A smart, pulpy, metaphor of a movie, Snowpiercer proves that an action film carrying heavy themes of inequality and class warfare can find new ways to share a familiar story. The last remnant of the population stuck on a never ending train chugging around a frozen, post-apocalyptic world, an inevitable revolt led by Chris Evans –and given obstacles by Tilda Swinton– ensues. The grimy group proceeds from the caboose to the engine with beautiful, bloody choreography that director Bong Joon-Ho orchestrates masterfully, maximizing his cast and space on a train cramped with color and inspiring persistence.
Swedish director Ruben Ostlund has made a remarkable film out of an unthinkable dilemma. Force Majeure, about a family on a ski vacation and a father’s life-altering, instinctual decision, grapples with man’s weakness many films are afraid to explore. It quickly turns into a psychological thriller, whose existential questions begin to infect friends and impart doubts and fears into every relationship. Cooped up in a ski resort for five days, each family member is tested in the wake of this paternal decision and you can’t help but contemplate your own hypothetical response. Ostlund teases you with its premise and tantalizes you with the serenity of the white, majestic landscape.
What makes Citizenfour so fascinating– what makes it thrilling, important, and eye-opening– is its ability to show just how ordinary making history can be. Director Laura Poitras, along with journalist Glen Greenwald, gains unparalleled access to Edward Snowden’s Hong Kong hotel room the week he agrees to disclose information to be spread worldwide as an employee of the NSA. You watch Snowden and you see just a regular kid, the human behind the mass produced posters, head shots and twisted motivations people claim he has. You see someone changing the way we think about our government and its practices as he sits on a bed, coding on a laptop listening to Selena Gomez on the radio. The documentary’s access is nearly as remarkable as the access the government has on us.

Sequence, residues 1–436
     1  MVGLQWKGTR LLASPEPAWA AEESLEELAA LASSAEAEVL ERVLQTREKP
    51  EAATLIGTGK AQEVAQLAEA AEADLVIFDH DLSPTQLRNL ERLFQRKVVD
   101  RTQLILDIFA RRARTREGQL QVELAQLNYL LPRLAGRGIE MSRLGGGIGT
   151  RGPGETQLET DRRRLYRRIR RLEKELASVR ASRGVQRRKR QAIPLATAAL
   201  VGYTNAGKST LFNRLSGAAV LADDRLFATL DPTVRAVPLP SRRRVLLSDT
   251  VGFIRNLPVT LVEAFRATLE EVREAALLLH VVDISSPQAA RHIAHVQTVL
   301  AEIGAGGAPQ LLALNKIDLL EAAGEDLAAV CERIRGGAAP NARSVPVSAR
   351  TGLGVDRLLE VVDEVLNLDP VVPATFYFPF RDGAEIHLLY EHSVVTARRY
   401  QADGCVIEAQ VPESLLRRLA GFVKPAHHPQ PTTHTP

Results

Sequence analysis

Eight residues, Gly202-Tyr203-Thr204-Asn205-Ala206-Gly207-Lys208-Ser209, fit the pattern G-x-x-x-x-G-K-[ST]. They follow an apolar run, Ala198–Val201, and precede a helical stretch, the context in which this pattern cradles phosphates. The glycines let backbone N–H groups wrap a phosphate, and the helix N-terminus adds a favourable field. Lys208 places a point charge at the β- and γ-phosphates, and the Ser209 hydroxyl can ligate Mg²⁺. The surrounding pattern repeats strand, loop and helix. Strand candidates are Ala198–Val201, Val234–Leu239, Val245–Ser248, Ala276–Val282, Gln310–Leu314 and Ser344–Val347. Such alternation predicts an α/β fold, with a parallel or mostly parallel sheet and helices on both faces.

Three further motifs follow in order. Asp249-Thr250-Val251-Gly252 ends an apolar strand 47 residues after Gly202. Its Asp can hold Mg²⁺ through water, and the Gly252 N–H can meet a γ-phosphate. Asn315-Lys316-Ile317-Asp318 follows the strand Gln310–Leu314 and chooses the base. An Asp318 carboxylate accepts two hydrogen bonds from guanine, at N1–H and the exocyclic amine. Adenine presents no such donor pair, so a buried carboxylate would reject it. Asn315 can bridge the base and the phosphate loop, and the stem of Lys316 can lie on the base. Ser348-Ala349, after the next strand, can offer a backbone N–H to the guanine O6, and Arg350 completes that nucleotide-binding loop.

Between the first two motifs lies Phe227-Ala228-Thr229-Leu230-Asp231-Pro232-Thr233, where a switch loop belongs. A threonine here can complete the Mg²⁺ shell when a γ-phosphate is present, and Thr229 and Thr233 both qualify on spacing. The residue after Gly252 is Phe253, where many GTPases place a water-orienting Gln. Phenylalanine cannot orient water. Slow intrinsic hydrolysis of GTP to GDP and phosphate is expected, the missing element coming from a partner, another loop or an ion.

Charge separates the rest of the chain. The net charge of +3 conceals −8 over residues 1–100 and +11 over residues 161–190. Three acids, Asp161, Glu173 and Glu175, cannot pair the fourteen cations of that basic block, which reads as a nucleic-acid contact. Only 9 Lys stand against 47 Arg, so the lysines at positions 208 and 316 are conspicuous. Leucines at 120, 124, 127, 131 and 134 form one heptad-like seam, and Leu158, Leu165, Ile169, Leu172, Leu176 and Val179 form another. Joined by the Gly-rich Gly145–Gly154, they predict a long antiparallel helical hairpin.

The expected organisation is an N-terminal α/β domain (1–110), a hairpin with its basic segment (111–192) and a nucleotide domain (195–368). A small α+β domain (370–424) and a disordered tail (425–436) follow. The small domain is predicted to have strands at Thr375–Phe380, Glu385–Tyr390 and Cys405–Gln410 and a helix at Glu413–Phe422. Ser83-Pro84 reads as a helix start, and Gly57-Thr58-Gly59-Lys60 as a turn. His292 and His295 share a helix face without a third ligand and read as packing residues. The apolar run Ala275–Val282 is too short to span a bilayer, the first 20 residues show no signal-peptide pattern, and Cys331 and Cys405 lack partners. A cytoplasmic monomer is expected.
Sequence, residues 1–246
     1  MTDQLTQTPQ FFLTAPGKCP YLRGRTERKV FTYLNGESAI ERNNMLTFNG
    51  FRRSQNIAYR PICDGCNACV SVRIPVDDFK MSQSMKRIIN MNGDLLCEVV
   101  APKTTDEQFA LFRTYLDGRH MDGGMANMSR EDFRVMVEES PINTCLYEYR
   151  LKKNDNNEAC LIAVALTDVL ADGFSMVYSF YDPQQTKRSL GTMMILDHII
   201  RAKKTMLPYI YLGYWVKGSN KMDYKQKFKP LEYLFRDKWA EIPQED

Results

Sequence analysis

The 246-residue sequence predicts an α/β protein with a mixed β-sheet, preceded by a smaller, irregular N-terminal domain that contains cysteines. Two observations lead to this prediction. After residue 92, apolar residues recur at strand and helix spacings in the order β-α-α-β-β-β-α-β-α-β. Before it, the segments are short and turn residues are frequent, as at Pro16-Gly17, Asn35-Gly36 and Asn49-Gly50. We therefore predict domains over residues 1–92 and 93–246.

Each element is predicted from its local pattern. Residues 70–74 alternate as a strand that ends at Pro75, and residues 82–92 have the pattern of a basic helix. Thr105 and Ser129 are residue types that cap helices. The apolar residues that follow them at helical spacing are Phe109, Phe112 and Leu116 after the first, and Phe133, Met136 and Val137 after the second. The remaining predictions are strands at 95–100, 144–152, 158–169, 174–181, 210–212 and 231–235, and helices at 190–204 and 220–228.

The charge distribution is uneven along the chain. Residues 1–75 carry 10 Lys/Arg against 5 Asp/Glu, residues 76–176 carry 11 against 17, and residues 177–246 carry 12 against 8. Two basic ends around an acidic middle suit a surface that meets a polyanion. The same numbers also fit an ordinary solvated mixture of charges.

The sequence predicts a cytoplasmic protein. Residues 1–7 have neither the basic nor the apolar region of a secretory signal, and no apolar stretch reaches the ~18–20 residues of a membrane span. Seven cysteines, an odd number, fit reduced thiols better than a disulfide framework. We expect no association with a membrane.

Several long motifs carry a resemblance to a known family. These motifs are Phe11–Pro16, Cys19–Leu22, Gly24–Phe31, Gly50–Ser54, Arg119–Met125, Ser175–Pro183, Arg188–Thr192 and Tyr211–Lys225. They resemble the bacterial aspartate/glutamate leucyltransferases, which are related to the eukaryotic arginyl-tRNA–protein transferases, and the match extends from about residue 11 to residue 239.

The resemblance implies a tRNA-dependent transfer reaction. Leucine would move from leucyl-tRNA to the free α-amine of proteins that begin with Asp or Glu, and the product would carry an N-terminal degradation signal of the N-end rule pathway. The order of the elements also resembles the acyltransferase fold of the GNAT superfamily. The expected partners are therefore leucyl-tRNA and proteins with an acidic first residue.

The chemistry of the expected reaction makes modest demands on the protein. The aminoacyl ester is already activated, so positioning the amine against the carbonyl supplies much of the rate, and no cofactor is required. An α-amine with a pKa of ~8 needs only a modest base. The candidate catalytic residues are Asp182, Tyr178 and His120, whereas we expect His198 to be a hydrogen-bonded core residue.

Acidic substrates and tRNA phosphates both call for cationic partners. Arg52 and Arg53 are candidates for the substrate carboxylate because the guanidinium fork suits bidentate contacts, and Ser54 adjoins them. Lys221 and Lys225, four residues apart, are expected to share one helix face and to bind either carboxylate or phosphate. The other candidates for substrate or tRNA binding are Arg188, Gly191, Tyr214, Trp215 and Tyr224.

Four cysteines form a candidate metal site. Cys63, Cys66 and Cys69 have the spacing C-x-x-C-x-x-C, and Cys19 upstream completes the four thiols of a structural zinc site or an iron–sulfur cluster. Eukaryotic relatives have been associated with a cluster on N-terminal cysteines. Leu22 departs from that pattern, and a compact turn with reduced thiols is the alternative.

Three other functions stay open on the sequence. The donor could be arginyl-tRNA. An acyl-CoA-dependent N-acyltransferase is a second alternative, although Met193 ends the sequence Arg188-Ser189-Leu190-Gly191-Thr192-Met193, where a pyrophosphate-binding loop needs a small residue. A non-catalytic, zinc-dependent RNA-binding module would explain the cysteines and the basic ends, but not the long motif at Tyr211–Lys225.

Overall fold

The honest and sentimental chords in Love is Strange, director Ira Sach’s glowing and lyrical love letter to lower Manhattan and Brooklyn, makes its story about a longtime, gay couple that much more embraceable. John Lithgow and Alfred Molina play two recently married men who must live separately after one loses his job at a catholic school. The particular situation is whimsical, sad and connects with a niche crowd, but its portrayals of family and relationships find an authenticity almost everyone can claim to be familiar and comforting.
10. Edge Of Tomorrow
Yes, this one made my list. Tom Cruise and Emily Blunt star in a blockbuster that should have stolen summer but ended up with just a minor burglary. Director Doug Liman takes a snappy premise– a PR man gets enrolled into the army and keeps waking up on the same day to fight apocalyptic aliens– and injects it with intelligence and humorous role reversal. Cruise plays an amateur fighter that must learn how to escape a Groundhog Day scenario from Blunt, the most equipped warrior in charge of training him to snap his curse and save the population. Liman’s effects are visceral and sharp. It’s the kind of fun the movies should have more of.
10 Runners Up: